Plant disease resistance genes encode members of an ancient and diverse protein family within the nucleotide-binding superfamily

Blake C. Meyers, Allan W. Dickerman, Richard W Michelmore, Subramoniam Sivaramakrishnan, Bruno W. Sobral, Nevin D. Young

Research output: Contribution to journalArticlepeer-review

679 Scopus citations


The nucleotide binding site (NBS) is a characteristic domain of many plant resistance gene products. An increasing number of NBS-encoding sequences are being identified through gene cloning, PCR amplification with degenerate primers, and genome sequencing projects. The NBS domain was analyzed from 14 known plant resistance genes and more than 400 homologs, representing 26 genera of monocotyledonous, dicotyledonous and one coniferous species. Two distinct groups of diverse sequences were identified, indicating divergence during evolution and an ancient origin for these sequences. One group was comprised of sequences encoding an N-terminal domain with Toll/Interleukin-1 receptor homology (TIR), including the known resistance genes, N, M, L6, RPP1 and RPP5. Surprisingly, this group was entirely absent from monocot species in searches of both random genomic sequences and large collections of ESTs. A second group contained monocot and dicot sequences, including the known resistance genes, RPS2, RPM1, I2, Mi, Dm3, Pi-B, Xa1, RPP8, RPS5 and Prf. Amino acid signatures in the conserved motifs comprising the NBS domain clearly distinguished these two groups. The Arabidopsis genome is estimated to contain approximately 200 genes that encode related NBS motifs; TIR sequences were more abundant and outnumber non-TIR sequences threefold. The Arabidopsis NBS sequences currently in the databases are located in approximately 21 genomic clusters and 14 isolated loci. NBS-encoding sequences may be more prevalent in rice. The wide distribution of these sequences in the plant kingdom and their prevalence in the Arabidopsis and rice genomes indicate that they are ancient, diverse and common in plants. Sequence inferences suggest that these genes encode a novel class of nucleotide-binding proteins.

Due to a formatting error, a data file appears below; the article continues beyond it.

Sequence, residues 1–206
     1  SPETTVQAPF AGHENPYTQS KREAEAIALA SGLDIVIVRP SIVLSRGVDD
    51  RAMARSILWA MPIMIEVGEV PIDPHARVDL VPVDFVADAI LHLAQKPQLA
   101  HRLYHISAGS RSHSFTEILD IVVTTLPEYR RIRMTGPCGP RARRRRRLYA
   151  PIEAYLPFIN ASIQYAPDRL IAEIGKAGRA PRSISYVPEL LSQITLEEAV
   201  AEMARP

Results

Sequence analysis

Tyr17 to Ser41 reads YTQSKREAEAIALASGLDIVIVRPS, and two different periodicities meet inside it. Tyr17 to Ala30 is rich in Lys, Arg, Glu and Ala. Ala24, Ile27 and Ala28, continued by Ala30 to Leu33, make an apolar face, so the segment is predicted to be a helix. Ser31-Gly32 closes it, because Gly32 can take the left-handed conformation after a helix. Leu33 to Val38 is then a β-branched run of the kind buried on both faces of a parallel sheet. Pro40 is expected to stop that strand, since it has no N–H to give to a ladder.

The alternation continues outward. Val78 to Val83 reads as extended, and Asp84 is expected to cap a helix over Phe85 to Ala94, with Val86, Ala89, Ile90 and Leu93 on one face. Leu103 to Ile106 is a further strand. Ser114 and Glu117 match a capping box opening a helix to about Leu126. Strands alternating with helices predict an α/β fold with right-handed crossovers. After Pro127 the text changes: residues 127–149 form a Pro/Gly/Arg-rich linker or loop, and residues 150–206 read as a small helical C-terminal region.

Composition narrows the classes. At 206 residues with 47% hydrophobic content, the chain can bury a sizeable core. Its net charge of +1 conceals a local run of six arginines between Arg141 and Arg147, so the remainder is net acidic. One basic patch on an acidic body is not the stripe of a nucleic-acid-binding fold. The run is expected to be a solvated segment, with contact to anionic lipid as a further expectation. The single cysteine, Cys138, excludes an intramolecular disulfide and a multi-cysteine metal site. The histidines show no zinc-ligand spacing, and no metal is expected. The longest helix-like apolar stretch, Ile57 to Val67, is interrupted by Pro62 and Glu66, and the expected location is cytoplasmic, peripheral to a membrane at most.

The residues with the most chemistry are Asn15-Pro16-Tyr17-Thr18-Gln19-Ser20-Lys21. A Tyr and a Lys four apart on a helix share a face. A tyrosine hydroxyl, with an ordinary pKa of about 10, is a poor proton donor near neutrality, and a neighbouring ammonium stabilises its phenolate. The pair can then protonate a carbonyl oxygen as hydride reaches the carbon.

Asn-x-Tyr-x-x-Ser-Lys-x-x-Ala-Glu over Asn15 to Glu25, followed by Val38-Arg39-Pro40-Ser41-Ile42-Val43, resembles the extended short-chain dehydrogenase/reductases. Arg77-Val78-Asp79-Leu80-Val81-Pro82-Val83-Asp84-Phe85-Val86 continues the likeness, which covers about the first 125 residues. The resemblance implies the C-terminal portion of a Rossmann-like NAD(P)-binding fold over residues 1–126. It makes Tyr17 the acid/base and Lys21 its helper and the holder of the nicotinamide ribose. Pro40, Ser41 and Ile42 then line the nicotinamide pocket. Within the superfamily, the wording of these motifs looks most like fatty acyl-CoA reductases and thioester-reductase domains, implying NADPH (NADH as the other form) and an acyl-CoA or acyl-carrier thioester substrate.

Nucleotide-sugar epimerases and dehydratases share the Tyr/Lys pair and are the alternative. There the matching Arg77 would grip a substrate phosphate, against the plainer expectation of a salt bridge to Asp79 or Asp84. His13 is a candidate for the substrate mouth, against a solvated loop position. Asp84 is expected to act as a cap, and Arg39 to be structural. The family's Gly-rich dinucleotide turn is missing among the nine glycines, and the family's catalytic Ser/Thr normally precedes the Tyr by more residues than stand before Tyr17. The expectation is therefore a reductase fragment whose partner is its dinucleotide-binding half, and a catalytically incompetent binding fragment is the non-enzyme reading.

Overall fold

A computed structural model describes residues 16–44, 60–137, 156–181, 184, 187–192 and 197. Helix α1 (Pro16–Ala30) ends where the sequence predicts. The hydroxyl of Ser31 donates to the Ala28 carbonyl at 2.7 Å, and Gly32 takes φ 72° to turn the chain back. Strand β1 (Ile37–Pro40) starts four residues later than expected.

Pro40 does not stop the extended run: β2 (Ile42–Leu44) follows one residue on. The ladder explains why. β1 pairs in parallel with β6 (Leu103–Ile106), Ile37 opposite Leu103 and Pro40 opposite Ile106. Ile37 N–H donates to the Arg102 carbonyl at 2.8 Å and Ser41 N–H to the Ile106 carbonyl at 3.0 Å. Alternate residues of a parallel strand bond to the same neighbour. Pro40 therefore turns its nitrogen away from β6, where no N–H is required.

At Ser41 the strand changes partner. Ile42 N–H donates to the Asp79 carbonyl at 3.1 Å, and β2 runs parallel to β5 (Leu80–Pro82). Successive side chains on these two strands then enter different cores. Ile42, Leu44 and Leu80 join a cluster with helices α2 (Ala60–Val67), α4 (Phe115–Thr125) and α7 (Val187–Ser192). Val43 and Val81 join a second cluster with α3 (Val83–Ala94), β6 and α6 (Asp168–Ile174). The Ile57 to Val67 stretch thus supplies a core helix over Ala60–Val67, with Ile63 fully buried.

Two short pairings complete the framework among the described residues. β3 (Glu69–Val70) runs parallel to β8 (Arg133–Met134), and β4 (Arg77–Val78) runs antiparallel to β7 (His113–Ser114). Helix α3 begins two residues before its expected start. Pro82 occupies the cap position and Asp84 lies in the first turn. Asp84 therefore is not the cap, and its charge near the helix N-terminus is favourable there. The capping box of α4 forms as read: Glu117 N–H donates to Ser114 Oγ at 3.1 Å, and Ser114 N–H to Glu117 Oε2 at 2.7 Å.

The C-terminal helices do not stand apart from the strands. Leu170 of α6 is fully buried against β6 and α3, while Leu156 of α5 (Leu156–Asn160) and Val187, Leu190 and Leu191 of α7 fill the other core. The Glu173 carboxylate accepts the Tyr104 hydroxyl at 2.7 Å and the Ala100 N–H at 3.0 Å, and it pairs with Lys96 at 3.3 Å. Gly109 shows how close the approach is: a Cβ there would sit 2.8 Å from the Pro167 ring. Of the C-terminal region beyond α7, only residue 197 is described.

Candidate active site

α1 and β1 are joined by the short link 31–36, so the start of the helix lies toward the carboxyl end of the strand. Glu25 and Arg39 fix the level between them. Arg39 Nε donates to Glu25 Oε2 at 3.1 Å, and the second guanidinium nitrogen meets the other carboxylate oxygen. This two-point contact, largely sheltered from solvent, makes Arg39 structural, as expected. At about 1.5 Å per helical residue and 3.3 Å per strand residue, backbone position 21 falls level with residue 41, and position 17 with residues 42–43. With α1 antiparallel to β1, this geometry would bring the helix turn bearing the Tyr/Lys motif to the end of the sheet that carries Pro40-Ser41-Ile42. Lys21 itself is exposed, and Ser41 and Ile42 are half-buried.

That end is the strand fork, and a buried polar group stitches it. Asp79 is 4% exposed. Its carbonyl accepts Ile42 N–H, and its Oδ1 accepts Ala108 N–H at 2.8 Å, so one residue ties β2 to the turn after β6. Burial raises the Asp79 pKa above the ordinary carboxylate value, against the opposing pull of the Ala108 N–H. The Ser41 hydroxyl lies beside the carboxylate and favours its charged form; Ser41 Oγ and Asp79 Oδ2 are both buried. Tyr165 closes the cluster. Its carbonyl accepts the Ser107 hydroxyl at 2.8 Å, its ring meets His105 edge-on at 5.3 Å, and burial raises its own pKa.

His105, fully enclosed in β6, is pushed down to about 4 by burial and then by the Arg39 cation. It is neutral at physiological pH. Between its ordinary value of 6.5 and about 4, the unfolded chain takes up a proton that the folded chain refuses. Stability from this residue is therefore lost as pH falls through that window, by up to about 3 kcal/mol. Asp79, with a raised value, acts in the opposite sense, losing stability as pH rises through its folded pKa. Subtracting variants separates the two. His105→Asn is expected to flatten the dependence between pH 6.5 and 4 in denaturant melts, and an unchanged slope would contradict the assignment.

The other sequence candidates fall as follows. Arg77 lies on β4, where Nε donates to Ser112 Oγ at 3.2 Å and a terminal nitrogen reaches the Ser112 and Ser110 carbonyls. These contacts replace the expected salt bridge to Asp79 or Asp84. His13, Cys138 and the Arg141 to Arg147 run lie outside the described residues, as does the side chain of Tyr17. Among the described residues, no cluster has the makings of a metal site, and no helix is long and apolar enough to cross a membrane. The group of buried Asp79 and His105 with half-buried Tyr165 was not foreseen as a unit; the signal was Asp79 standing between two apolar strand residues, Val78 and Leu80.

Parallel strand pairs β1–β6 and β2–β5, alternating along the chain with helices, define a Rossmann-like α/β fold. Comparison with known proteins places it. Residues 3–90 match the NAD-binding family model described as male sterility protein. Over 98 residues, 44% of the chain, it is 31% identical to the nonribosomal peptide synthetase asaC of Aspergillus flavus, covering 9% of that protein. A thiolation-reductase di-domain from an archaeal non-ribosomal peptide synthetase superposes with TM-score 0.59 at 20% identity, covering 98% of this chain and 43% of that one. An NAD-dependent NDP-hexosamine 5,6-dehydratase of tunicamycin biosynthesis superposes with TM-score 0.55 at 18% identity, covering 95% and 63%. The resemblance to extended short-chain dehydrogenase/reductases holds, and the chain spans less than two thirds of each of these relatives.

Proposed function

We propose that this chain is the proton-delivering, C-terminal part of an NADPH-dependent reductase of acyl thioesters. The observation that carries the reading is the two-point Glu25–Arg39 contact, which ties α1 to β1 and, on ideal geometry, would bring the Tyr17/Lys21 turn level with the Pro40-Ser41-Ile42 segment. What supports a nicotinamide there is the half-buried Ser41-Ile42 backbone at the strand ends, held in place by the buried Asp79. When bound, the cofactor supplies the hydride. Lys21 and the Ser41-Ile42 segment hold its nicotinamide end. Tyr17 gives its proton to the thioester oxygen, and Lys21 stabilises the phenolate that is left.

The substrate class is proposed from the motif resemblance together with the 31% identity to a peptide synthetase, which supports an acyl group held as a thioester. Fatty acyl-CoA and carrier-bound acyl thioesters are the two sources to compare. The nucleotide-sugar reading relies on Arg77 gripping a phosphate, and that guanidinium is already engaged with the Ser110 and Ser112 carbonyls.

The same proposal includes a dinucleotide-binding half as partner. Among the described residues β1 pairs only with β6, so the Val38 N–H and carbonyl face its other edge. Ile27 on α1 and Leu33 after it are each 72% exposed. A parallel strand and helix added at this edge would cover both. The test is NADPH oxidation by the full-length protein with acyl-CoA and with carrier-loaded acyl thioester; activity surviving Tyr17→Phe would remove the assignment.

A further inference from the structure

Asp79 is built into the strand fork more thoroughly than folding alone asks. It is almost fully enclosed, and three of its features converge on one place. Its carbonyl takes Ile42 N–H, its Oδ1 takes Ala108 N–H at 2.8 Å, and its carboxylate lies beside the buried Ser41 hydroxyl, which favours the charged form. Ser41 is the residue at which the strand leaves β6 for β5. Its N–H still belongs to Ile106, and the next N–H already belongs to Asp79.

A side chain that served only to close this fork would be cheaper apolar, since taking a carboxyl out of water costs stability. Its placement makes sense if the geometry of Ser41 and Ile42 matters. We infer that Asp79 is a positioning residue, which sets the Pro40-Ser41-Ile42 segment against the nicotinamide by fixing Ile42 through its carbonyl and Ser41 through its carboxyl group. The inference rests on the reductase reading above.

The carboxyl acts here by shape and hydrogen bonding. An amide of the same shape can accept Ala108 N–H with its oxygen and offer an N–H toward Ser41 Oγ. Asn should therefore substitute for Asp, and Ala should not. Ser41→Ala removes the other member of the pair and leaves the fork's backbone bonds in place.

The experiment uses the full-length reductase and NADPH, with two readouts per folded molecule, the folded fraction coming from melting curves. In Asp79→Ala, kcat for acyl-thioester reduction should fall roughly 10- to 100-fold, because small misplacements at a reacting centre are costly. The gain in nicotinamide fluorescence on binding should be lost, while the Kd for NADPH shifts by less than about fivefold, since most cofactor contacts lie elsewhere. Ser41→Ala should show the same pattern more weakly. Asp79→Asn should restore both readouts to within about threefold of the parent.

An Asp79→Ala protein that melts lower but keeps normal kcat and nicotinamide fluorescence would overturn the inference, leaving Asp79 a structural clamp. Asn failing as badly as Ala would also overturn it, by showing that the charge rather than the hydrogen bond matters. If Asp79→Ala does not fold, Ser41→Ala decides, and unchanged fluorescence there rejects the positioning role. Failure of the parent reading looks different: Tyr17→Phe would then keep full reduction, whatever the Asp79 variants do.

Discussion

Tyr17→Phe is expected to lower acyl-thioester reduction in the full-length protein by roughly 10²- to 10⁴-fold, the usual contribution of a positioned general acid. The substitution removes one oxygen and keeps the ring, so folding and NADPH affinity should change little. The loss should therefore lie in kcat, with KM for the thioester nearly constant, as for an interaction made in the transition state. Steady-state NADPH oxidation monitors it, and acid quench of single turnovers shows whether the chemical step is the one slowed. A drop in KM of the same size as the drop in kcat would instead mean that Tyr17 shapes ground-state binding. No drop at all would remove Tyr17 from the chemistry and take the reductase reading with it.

Original languageEnglish (US)
Pages (from-to)317-332
Number of pages16
JournalPlant Journal
Issue number3
StatePublished - Nov 1999

ASJC Scopus subject areas

  • Plant Science


Dive into the research topics of 'Plant disease resistance genes encode members of an ancient and diverse protein family within the nucleotide-binding superfamily'. Together they form a unique fingerprint.

Cite this